Thursday, November 20, 2008

Complain Before It Gets too Bad

Until recently, I was content to do my civic duty by voting at each opportunity for the candidate of my choice. Once I had casted my vote, I felt that everything else would fall into place and government would do the responsible thing toward me and all of the rest of the constituents who reported to the polls and casted their vote for good government. Judging by pass performances from our Congressman, I am sure that you have to agree with me when I say our real jobs start the day after that representative takes office. We have to know who our State, as well as our National representatives is, and what they are doing.

If we had collectively, as State and National constituents with concerns, been paying attention, Phil Gramm would not have been able to deregulate the Commodities Market Act without our protesting to our representatives in both Houses. We could have written our respective Congressman and complained mightily about the President’s wish to cut taxes to such a degree that there is nothing there to reduce the nation debt, not that it would have helped in that case. We could have protested and written letters and camped out at our Congressman’s office door to stop the invasion of Iraq. We could have done a lot by sharing with our Congressman our thoughts on these things because they represent us in Congress!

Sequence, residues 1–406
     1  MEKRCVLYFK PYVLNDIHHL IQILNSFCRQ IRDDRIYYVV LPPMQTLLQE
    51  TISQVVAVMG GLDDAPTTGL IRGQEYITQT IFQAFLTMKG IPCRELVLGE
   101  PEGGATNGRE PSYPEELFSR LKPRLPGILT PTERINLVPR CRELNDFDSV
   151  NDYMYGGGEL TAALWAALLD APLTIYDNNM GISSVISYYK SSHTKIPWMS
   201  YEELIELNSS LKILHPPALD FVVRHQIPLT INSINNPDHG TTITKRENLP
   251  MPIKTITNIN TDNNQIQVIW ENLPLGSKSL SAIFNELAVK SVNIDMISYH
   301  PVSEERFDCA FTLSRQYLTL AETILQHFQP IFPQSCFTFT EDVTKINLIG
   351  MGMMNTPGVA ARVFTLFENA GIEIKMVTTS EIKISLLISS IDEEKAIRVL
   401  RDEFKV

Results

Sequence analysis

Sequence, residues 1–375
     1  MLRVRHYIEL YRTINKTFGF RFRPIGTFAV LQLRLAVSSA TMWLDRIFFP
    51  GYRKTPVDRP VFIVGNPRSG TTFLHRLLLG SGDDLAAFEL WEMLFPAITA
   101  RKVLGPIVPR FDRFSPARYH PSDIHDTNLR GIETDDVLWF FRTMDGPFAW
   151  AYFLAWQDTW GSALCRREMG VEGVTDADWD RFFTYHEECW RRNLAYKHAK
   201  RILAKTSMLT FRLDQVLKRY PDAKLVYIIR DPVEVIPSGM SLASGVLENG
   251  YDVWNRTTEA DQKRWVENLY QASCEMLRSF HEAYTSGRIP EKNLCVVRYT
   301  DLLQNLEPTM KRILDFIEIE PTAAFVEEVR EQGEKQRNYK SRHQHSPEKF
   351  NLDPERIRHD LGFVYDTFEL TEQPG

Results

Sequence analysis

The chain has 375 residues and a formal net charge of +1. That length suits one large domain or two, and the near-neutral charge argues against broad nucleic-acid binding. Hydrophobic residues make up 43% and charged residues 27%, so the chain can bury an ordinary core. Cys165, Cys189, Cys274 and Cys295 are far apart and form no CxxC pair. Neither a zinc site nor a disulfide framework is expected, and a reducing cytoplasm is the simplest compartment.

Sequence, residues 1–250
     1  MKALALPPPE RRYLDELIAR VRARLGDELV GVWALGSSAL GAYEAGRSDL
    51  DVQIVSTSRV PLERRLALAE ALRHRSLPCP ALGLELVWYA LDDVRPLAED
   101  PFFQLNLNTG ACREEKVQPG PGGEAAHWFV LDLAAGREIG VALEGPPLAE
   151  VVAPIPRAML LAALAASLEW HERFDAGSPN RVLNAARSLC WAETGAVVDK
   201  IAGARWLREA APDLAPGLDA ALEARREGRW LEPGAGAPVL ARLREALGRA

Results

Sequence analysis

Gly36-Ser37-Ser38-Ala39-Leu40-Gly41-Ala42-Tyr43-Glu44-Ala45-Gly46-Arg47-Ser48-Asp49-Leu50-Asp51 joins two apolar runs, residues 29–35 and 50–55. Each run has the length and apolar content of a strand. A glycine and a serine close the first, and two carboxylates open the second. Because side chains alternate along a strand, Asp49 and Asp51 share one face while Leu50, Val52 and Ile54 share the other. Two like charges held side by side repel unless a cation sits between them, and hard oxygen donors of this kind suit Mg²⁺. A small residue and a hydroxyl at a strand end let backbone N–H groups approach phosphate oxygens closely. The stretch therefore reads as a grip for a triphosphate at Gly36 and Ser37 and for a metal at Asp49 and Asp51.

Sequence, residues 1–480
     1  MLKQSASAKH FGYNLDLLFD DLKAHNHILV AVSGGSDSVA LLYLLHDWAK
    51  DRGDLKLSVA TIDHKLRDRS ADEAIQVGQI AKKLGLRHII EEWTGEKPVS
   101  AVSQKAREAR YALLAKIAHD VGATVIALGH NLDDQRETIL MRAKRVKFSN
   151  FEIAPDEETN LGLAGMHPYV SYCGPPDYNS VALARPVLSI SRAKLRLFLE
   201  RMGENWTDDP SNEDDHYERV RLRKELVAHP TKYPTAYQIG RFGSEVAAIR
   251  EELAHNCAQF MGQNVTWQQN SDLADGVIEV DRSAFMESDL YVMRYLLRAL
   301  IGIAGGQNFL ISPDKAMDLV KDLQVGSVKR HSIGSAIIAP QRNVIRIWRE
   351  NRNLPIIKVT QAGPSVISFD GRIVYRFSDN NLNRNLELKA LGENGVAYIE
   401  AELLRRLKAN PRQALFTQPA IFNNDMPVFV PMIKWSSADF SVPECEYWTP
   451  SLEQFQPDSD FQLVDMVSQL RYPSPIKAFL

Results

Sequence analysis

The election of Obama has done more to awaken the possibilities that are at our fingertips when it comes to voicing our opinion about what our Congressman are doing. We should stay abreast of what is happening in Congress. Voice an opinion about the things that we don’t like and praise them when they are doing a good job. I am sure that our elected officials go to our State and National ‘Capital Hills’ with good intentions and there are things that go on there that we are not privy to, but that does not give them the right to bargain away our interest on issues with which we take exception.

Get involved! Contact your Congressman and tell him that you are interested in this or that issue and the reasons why you are interested. Talk to him and write him often enough about – credible – issues. Don’t be a nuisance, be informed and let your conversation reflect that you are informed and concerned. Each State and National representative has both e-mail and office telephone numbers that we can use to contact them. Use them to keep your representatives informed. Refuse to accept form letters in response to correspondence with their office. The internet is a powerful tool that we can use to stay in touch with the people that matter most to us in government.

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